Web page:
Hepatitis C (HCV) infection is the most common bloodborne illness in the United States and the prevalence is highest in those born between 1945 and 1965. Most of those with HCV infection in this cohort have been infected for decades and some are now experiencing the long-term consequences of HCV infection, including cirrhosis and hepatocellular carcinoma. At the same time, this cohort is just reaching the age of eligibility for Medicare. The introduction of new treatment protocols including direct-acting antivirals for HCV infection has resulted in better outcomes for those undergoing treatment with many achieving a cure of their HCV infection. Despite an awareness of the potential burden of disease from HCV infection in this cohort, there is still a lack of information regarding hepatocellular carcinoma outcomes in persons with HCV and the impact of treatment for HCV outcomes and transmission. Using the Surveillance, Epidemiology, and End Results data linked to Medicare claims, this research describes (1) changes in risk factors for hepatocellular carcinoma, including HCV infection, over time and (2) differences in outcomes of persons with hepatocellular carcinoma by HCV infection status in the Medicare population. In addition, a state transition model with a transmission equation was used to compare the impact of treatment on mortality and HCV transmission using direct-acting antivirals to treat persons born between 1945 and 1965 in two risk populations, persons who inject drugs and persons who don't inject drugs. Overall, this research adds to our understanding of the consequences of HCV-infection-related hepatocellular carcinoma and the impact of treatment in the population with the highest prevalence of HCV infection.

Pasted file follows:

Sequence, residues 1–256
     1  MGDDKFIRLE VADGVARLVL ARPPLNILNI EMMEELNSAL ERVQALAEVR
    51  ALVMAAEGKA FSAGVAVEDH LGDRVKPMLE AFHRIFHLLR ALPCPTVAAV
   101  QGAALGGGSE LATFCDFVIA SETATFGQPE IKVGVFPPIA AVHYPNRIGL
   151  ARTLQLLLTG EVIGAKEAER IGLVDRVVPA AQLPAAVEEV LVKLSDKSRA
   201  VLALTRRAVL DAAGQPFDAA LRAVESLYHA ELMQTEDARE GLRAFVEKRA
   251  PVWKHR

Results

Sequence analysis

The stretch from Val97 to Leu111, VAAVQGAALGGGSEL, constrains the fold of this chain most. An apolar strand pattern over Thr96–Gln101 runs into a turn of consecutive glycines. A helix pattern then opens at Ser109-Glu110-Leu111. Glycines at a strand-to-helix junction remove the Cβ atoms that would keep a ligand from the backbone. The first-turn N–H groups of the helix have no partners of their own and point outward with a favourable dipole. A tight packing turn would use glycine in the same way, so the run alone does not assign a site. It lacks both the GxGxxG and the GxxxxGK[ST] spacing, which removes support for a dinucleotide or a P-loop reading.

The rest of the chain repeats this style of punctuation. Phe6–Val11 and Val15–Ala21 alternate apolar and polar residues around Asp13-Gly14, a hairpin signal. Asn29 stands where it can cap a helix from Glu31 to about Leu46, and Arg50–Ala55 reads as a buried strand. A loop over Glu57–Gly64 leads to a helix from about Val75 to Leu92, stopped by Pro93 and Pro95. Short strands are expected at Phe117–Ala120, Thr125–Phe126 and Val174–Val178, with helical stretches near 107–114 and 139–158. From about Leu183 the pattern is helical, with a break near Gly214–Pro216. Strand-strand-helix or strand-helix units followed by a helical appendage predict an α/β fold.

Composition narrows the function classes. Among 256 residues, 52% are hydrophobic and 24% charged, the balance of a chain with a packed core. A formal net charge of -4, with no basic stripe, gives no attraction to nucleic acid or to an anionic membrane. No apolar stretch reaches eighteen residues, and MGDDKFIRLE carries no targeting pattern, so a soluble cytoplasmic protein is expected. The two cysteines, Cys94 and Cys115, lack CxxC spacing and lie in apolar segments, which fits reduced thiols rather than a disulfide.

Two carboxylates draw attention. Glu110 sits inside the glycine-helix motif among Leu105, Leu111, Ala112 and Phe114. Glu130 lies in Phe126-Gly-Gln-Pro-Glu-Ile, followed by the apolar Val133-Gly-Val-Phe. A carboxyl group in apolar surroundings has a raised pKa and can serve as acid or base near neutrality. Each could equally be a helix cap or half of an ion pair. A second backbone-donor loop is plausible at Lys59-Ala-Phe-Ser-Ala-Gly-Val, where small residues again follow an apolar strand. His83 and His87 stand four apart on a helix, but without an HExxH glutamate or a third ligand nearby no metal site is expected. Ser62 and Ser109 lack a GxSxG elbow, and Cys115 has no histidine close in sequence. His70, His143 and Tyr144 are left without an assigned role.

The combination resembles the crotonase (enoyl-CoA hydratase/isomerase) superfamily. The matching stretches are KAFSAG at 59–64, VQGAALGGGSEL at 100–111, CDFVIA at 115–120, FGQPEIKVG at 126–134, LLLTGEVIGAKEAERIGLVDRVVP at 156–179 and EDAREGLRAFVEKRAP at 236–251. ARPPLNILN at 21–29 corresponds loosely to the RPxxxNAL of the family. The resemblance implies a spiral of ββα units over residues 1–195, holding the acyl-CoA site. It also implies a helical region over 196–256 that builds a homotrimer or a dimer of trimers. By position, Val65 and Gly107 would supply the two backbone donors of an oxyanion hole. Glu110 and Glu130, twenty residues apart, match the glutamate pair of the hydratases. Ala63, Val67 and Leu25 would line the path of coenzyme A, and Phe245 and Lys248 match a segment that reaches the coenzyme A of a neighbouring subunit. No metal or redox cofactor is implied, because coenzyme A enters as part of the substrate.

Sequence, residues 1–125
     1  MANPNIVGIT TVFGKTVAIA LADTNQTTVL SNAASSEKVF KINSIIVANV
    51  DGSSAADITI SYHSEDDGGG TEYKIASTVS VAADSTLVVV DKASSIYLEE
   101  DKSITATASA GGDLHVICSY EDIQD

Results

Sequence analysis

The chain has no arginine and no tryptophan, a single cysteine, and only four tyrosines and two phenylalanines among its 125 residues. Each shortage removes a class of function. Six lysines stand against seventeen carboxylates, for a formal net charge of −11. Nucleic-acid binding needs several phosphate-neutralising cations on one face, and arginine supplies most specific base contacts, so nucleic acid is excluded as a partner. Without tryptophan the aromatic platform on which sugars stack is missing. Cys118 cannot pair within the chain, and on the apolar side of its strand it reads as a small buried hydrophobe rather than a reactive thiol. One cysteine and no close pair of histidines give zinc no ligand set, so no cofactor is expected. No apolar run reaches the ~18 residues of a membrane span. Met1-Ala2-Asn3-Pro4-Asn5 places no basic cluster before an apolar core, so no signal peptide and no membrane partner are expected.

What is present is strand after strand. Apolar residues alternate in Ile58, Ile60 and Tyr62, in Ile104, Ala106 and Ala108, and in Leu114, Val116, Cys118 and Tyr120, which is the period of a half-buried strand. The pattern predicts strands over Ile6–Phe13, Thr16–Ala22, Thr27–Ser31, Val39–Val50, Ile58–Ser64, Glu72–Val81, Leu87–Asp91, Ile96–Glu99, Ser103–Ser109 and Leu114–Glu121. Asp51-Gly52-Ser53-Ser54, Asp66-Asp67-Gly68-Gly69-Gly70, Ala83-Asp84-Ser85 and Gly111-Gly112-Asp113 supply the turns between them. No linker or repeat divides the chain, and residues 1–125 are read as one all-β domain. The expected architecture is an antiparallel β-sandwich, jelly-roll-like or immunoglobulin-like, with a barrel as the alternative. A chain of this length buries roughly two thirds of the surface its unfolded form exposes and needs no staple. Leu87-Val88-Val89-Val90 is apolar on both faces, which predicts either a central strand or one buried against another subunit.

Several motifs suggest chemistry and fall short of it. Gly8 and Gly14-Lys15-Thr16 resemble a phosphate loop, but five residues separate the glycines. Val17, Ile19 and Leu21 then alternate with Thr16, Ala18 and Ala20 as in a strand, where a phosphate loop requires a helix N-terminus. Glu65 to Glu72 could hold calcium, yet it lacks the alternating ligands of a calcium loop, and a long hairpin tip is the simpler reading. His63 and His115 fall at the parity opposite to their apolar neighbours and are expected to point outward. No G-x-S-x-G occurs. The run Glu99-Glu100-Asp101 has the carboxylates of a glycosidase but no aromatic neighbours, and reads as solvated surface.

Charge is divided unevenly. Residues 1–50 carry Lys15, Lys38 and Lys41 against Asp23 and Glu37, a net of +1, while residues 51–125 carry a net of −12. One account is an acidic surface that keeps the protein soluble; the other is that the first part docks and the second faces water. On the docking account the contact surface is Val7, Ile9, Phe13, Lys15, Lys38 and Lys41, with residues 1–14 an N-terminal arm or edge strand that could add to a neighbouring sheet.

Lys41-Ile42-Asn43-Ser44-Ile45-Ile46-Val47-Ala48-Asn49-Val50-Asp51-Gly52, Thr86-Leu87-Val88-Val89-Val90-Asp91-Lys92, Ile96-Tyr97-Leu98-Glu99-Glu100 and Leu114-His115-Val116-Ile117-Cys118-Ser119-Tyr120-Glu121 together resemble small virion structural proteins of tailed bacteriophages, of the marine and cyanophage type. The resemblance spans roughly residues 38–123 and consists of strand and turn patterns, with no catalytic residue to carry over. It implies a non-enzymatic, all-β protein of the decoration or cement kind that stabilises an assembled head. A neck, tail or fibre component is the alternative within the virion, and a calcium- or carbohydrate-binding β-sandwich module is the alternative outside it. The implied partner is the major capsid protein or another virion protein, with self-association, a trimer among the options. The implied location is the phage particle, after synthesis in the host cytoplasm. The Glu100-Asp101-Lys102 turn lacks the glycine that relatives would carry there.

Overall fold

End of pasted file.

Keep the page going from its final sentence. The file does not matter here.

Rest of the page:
University of Minnesota Ph.D. dissertation. June 2014. Major: Health Services Research, Policy and Administration. Advisor: Beth Virnig. 1 computer file (PDF); viii, 84 pages.
Sweet Kennedy, Kristin.
Hepatitis C: Hepatocellular carcinoma, mortality, and the impact of treatment.
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